My father never caught a fish. Oh, he might have caught the occasional trout or a tiny sunfish, but that's not why he fished.
When I was fourteen, someone gave me a Milton Bradley jigsaw puzzle called “Trout Fishing”. It was a 1000 piece puzzle, all of them dark mottled brown, blue and green. It took us six weeks to put it together, and the faint form of a fisherman emerged amidst a jumble of leaves, twigs and water. I imagine my father as that fisher, wading into a good trout stream, dangling a lure, lost in thought. No fish would keep him company, but his ideal companions were there: twittering birds, rushing streamlets, wind-tossed greenery – to help him relax and think.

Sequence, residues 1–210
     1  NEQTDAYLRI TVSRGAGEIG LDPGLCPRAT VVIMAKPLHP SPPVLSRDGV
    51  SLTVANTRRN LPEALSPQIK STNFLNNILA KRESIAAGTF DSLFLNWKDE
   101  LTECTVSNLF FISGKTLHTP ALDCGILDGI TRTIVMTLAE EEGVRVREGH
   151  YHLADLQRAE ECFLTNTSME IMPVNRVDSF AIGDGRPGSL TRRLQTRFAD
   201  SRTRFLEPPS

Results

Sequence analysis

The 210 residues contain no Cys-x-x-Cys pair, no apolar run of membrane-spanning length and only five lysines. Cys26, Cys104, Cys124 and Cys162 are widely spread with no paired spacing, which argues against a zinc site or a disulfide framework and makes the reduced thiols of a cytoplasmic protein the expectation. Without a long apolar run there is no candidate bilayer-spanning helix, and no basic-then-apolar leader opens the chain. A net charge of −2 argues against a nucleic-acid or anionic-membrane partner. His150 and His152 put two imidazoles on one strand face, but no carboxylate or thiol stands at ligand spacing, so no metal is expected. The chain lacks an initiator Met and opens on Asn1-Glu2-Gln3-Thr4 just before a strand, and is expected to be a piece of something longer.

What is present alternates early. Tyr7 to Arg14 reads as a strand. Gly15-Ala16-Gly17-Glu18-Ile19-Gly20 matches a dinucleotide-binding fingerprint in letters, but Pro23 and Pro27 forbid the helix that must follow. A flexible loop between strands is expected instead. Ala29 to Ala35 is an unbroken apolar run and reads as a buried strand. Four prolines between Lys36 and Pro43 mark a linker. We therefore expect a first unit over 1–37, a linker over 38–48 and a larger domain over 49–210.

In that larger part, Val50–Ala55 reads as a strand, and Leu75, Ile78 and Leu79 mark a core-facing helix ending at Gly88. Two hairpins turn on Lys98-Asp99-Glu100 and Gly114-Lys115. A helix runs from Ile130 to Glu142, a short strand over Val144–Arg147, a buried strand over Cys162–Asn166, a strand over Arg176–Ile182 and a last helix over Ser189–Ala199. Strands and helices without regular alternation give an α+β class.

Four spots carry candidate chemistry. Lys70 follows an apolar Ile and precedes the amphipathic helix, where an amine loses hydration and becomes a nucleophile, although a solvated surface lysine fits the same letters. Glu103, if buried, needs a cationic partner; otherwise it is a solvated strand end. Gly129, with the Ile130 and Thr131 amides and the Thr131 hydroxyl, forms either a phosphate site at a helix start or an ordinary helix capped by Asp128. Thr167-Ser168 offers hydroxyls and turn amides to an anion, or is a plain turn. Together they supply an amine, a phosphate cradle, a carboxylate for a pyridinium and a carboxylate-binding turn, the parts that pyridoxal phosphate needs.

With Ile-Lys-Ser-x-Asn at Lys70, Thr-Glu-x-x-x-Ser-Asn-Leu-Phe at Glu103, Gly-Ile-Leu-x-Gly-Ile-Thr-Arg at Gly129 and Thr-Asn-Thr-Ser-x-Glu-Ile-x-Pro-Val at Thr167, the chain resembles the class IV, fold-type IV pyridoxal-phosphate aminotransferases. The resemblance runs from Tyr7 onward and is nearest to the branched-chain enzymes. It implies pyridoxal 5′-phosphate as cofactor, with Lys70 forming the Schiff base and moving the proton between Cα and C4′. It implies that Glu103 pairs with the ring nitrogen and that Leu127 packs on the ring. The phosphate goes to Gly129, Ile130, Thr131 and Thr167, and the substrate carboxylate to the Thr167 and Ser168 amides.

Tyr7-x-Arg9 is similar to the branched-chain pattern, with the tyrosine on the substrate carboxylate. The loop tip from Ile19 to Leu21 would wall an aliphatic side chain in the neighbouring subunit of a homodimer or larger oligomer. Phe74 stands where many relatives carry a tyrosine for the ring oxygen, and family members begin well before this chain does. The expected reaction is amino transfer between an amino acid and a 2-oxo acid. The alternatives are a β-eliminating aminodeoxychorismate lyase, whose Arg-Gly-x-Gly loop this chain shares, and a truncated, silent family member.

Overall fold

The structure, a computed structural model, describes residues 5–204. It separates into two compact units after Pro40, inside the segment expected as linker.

We never knew what he thought about while fishing, but he had so many interests – science experiments, amateur math, his law cases, classical music, patterns to work into ceramic designs, and so on, and so on – it seemed he could easily keep occupied if the fish left him alone.
The best part for him came afterwards: arriving home, opening his empty creel, and proclaiming himself the unluckiest fisherman of all.